Originally posted May 2011, updated December 2015.
Notes from the book & my own thoughts in addition to help laboring mommas from The Labor Progress Handbook,
- Change positions every 30 minutes. Even something as simple as switching sides if laying in bed can make a difference in helping the baby to descend into the best position. (If mom is laying down, don't forget the peanut ball!)
- Rhythm movement, swinging, rocking, sitting on the birth ball, and a rebozo can also help baby get into a better position for a smooth exit.
- Counter pressure on the lower back or against the hips can alleviate discomfort. This can be done with the partner's hands or a rebozo wrapped around mom's hips.
- Hot packs: try a hot pack on the lower back, warm wet cloth, warmed blanket, hot shower. Parents can bring their own rice pack or I bring a hot water bottle that I can easily sanitize (and if I'm organized, I have individual rice packs I've sewn for families.)
- Cold packs: cold wet washcloth, crushed ice, water bottle, frozen gel pack often on the upper torso, back of the neck, and forehead. (I carry a small cooler bag to fill with ice water for this reason, dipping wash cloths in and wringing them out quickly as mom warms them up! This is something many moms love in transition.)
- Shower or tub (hydrotherapy) if available at the birth location. You can also place a birth ball into the shower for mom to rest more comfortably, and her partner can hold a hand held shower head against her lower back.
- Focused relaxation, guided breathing (self or other), meditation, visualization may all be comforting. Try these out during prenatal visits to find the right "script" that fits mom's needs.
- DOULA. Get one of these. 😉
- Massage: hands, feet, back, legs, etc. During labor mom's nerves may feel more sensitive, so while she may normally like the soft, light touches in labor she may prefer deep pressure and stronger touches and light touches may tickle or feel irritating. She'll give you feedback!
- Food & fluids as she desires! In birth locations specifying only "clear fluids" consider broth, juices, popsicles, or honey sticks.
- Music the woman likes, such as a playlist of slow/soothing songs & a separate playlist of more active and energizing songs depending on her mood and stages of labor.
- Dim or brighten lights as mom desires for ambiance. Opening the blinds and turning the lights on after a long night of labor in the dark can help recharge the mood for the parents and the entire birth team.
- Make heart tone checks audible if mom is reassured by sound. (Turn off if she prefers to not hear the extra noise.)
- Verbal affirmations: You're doing so well, You are so strong! Whatever she is doing that seems to help her feel better, encourage her and remind her she knows her body best. However, too many people speaking too much at once, especially during the pushing stage, can overload a mom. Her care provider (OB/midwife) may be giving directions during pushing, and her partner should be her primary verbal support if they both desire. Otherwise, be careful about how much you add to the verbal "noise" if many people are talking at once!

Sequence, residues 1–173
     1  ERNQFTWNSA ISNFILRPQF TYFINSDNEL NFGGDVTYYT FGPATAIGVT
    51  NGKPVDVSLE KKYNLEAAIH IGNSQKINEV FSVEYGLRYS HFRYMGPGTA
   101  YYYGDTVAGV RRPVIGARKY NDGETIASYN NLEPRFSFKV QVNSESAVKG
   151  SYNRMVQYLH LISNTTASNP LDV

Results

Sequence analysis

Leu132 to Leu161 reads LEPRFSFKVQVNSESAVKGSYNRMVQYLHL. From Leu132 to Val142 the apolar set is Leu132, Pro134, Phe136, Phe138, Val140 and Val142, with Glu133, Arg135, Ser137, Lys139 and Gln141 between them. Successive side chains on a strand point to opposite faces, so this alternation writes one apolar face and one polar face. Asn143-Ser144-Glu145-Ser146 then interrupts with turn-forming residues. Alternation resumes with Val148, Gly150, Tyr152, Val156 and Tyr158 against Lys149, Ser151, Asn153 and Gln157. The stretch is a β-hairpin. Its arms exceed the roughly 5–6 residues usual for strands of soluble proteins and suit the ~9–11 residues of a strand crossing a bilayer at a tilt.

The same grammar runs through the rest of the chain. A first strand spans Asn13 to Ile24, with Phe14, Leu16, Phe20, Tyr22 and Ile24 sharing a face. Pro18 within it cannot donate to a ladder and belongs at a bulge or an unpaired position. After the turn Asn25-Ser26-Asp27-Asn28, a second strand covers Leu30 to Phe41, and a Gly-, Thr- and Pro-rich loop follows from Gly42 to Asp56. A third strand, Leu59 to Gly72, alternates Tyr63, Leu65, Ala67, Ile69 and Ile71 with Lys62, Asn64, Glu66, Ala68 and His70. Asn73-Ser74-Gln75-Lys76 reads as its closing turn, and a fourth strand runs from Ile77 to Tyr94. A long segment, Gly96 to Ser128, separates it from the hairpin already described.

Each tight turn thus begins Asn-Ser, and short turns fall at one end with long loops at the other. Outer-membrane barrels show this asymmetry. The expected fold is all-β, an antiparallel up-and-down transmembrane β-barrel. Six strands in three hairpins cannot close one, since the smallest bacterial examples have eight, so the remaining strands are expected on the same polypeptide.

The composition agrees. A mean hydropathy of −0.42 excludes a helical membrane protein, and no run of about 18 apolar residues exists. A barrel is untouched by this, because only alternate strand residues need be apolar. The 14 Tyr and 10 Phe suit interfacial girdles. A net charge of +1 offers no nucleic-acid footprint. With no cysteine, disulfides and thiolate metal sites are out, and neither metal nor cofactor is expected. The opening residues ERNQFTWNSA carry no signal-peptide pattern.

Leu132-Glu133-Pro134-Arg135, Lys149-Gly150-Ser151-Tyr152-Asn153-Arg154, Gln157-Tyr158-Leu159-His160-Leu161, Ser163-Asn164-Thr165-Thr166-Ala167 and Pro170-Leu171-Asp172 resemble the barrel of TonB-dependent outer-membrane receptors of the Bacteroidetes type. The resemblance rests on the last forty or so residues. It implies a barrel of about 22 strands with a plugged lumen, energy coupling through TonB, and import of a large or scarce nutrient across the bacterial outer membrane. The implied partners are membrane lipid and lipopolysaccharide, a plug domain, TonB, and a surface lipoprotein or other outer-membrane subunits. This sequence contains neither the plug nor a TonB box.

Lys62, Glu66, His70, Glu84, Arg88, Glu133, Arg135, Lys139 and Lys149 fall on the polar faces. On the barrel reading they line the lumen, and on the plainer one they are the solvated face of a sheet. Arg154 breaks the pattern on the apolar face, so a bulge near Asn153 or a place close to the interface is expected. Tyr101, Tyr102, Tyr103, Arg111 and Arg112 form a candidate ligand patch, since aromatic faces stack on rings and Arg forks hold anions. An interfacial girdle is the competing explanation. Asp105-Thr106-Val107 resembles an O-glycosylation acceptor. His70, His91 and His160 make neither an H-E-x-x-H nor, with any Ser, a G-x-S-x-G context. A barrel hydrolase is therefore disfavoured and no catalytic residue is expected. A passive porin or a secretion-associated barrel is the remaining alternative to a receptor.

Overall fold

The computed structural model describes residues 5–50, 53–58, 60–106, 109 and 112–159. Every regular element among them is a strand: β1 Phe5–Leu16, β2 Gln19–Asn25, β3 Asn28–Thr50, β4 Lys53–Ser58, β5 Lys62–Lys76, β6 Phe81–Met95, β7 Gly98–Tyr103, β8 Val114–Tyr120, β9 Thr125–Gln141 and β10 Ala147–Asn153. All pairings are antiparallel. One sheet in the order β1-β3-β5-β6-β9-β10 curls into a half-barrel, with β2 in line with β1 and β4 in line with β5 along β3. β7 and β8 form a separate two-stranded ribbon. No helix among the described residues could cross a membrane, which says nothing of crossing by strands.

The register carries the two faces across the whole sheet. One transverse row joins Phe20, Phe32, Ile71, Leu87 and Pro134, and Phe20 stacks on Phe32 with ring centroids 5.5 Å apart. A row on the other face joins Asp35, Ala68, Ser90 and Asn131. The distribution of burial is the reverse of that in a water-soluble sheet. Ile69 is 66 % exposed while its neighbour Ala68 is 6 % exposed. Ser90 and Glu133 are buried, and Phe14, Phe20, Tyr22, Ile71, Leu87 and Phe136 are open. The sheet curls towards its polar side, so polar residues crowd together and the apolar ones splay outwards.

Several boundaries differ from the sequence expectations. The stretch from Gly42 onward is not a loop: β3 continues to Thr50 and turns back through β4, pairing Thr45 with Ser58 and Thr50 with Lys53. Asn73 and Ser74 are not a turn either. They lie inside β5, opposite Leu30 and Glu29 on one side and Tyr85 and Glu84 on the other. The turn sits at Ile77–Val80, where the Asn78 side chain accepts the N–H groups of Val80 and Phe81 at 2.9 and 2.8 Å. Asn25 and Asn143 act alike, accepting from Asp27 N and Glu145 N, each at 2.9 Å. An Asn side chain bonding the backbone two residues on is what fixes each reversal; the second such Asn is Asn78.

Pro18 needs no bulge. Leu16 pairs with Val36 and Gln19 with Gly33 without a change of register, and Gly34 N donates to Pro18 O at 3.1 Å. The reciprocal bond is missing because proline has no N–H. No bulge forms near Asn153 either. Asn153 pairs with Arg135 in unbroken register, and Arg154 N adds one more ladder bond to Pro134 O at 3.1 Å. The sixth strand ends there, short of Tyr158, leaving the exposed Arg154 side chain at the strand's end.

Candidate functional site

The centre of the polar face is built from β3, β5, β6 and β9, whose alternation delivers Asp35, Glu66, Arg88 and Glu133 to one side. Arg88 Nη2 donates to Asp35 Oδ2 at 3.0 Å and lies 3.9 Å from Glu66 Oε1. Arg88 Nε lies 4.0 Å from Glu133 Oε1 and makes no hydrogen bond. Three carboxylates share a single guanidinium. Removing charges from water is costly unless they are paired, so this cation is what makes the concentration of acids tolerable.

- Limit people in the room if mom desires, and if any guests/family are making her anxious then give them tasks to send them away/keep them busy (IF she desires, this is something important to discuss in prenatal visits - who will be attending the birth, and any issues there may be with that relationship.)
- If mom is self conscious about vocalizing then you can vocalize with/mirror her (if she desires) or turn on some white noise or music. Also reassure her that noise is okay!!
- If mom desires privacy then encourage her (and partner) to retreat into bedroom (or bathroom) and close door. Some moms can relax better if on toilet, just make sure she doesn't start pushing there! You can also encourage them to shower or get into tub together. (Partners may want to bring a swimsuit to the hospital/birth center and a change of clothes in case mom requests this.)
Quotes regarding some of these comfort measures:
"Heat increases local skin temperature, circulation, and tissue metabolism. It reduces muscle spasms and raises the pain threshold. Heat also reduces the 'fight or flight' response..."
"Cold numbs the area by slowing the transmission of pain and other impulses over sensory neurons (which helps to explain the often noted numbing effects of cold.)"
"Hydrotherapy reduces muscle tension, pain and anxiety dramatically for many women. Immersion in water also provides buoyancy (reducing the effects of gravity on the woman, not on the fetus), even distribution of hydrostatic pressure over the immersed portions of the woman's body, and warmth, all of which often bring pain relief and more rapid active labor progress."
What are some of your favorite comfort techniques you used for your own birth, or you suggest as a doula?
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